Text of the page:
In the Genentech example above, time was baked in over the course of a year for the deal to close and subsequent integrations to be underway. Yet , despite having “time”, navigating the change wasn’t easy for all Genentechers. I have learned this same lesson many times over through my years in recruiting and executive search: giving one time and space to process professional change is a necessity. It takes discipline to pause, pace, and process.
Candidates often simplify their professional journeys into straight paths: from here to there, from this point to the next. But professional lives tend to span decades, often rich with complexity, texture, and more regularly now, with change. As any executive search leader, rushing a candidate to a professional decision can spell disaster for a desired acceptance.
Regardless of circumstance – company acquisition, restructuring, or passive candidate recruiting – offering time, patience and understanding for the layered considerations in decisions creates room and allows a candidate to come to a decision with clarity. Patience is hard. Practicing it – with ourselves and each other – takes discipline. Patience is prerequisite to all successful hirings.
With the pandemic, most people to experienced professional life change overnight. Work environments were stripped away, homes turned turned into offices, and office interactions became zoom interfaces. Even lab-based biotech professionals experienced a period of disruption before new ways of working, spatially distant and masked, were identified. Navigating this together helped put a temporal ground underneath professional feet.
Drawing parallels beyond the pandemic, individual professional change also benefits from leveraging others’ experiences, from confidants, mentors, family and friends. Turning to support systems can provide ideas, alternative approaches to decisions, and reflections that are often difficult to come by when in a vacuum of our own thoughts. Whether one is facing a restructuring, a company shut down, or a choice between Company 1versus Company 2, leveraging a support network can make professional change manageable, approachable, and even exciting.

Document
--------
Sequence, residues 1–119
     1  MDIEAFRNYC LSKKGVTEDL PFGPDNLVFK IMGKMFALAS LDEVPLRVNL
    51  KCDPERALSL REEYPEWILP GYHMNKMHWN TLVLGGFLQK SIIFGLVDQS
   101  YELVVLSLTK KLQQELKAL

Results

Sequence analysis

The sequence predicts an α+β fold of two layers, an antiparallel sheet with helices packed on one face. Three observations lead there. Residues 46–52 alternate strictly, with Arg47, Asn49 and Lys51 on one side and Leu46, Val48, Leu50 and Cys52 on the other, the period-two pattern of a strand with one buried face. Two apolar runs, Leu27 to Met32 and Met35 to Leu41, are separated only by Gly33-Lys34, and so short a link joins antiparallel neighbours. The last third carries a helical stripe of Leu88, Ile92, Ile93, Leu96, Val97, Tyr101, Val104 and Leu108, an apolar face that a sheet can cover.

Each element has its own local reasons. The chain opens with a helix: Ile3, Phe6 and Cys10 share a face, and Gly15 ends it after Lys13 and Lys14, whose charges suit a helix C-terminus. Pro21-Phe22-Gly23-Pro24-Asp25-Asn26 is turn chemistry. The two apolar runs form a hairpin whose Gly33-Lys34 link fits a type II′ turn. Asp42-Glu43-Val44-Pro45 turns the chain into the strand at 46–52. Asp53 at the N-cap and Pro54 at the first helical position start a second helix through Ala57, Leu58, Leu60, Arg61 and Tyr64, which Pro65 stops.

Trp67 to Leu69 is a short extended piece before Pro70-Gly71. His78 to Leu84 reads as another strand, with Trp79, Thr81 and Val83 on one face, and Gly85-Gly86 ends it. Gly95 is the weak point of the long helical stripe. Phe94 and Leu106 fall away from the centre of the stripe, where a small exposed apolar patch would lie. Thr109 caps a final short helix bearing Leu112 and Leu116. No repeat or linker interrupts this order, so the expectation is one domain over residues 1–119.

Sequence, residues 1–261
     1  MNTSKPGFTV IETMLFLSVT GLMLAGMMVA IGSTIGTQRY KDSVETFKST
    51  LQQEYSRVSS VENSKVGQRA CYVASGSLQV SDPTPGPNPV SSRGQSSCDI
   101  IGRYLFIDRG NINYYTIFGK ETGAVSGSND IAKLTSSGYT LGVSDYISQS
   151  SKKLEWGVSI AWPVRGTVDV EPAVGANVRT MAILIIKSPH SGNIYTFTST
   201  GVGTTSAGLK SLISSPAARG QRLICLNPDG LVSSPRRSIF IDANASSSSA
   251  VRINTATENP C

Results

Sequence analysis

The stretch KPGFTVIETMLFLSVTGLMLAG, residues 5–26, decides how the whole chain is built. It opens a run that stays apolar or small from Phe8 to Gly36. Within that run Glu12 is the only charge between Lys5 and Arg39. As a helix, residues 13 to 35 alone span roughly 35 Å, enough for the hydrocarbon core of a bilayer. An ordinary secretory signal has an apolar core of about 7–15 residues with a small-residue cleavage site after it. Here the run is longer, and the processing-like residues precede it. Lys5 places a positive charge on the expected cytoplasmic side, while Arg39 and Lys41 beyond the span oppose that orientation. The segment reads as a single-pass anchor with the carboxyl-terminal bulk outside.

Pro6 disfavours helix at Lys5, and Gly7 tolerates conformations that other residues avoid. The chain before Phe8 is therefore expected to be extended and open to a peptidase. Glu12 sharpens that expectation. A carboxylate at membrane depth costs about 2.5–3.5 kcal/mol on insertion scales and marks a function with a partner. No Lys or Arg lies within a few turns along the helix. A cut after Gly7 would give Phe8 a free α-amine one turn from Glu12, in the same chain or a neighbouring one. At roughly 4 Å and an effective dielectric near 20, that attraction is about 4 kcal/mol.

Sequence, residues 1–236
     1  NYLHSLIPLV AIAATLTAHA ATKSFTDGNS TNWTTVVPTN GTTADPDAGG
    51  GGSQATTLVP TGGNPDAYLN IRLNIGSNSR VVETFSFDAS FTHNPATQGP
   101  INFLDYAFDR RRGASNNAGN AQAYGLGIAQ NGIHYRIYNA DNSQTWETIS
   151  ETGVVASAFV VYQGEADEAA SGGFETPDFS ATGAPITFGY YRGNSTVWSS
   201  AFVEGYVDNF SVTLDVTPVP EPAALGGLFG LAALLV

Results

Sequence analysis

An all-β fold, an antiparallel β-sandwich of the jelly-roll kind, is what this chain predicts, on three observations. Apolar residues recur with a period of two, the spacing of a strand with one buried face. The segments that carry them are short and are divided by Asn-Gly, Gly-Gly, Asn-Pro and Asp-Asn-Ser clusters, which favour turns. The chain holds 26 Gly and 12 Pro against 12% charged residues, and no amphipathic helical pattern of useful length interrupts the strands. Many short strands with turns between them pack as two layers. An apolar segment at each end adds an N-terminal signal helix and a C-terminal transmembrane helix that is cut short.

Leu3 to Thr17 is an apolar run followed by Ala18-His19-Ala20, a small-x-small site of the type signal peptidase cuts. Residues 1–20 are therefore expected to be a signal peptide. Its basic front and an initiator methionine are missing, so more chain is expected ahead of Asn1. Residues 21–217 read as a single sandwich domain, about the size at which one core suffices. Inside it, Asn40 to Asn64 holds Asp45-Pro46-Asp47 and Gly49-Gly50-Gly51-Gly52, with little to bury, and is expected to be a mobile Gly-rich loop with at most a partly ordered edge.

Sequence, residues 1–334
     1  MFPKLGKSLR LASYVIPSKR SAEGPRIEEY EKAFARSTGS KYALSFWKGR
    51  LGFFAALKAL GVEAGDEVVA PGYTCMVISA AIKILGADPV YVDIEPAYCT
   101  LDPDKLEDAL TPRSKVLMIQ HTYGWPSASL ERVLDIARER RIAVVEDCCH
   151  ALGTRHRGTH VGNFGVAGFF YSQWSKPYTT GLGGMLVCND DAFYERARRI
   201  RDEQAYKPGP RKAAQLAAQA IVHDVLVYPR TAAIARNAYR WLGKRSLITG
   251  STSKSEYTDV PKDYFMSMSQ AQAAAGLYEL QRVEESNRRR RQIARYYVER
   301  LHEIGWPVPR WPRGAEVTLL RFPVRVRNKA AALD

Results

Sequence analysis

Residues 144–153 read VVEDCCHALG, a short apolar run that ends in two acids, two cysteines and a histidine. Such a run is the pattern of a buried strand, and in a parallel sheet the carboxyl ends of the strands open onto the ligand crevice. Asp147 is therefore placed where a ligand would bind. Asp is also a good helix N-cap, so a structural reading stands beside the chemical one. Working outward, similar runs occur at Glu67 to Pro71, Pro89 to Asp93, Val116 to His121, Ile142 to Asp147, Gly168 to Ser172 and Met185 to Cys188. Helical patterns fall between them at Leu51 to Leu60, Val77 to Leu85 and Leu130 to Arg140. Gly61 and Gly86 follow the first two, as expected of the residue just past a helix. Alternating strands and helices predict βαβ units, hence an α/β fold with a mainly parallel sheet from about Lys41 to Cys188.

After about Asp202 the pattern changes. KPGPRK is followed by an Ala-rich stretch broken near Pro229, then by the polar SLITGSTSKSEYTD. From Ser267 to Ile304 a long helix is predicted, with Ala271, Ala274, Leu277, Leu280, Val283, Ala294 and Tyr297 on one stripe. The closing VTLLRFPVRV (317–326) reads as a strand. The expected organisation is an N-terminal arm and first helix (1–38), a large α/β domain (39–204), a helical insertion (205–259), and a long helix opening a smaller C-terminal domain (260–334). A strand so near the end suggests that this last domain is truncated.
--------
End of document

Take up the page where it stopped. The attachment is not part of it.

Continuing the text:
We all have that colleague who handles adversity with ease, a mentor who reminds who shares that they’ve had tough times too: people who are living examples that mindset sets the backdrop and accompaniment to buoy situations. In discussing professional change with individuals – from individual contributors to CEOs – I have noticed optimistic mindsets common amongst those who navigate change with greater ease. Don’t get me wrong, creating optimistic habits of mind takes effort. But it is energy well-spent.
“You have power over your mind – not outside events. Realize this, and you will find strength.” – Marcus Aurelius
Focus on substance
In my discussions with people making professional change – people forced to change, those looking for change, and those wondering if change is ahead – no two conversations are alike. But themes have popped up with people who confront professional change with agility. These “change masters” look at the kind of work making up a new role and determine how it aligns to work they desired. They think through who they want to work with, and how they want to accomplish the work they do and confirm if this falls into the role they are evaluating. Ultimately, these facile change “athletes” focus on the meat of the matter, the role itself. Rarely do the details (location, title, compensation, etc) complicate their decision. Rather, they are solved for in after thought; like the bow on a wrapped present of the final touch to complete the gift.
Of course, all of this is easier said than done. These guided reminders are as much for me as anyone else. May they help me hold space for the varied experiences of professional change and focus the conversation on what’s possible. As Winston Churchill said “To improve is to change: to be perfect is to change often.”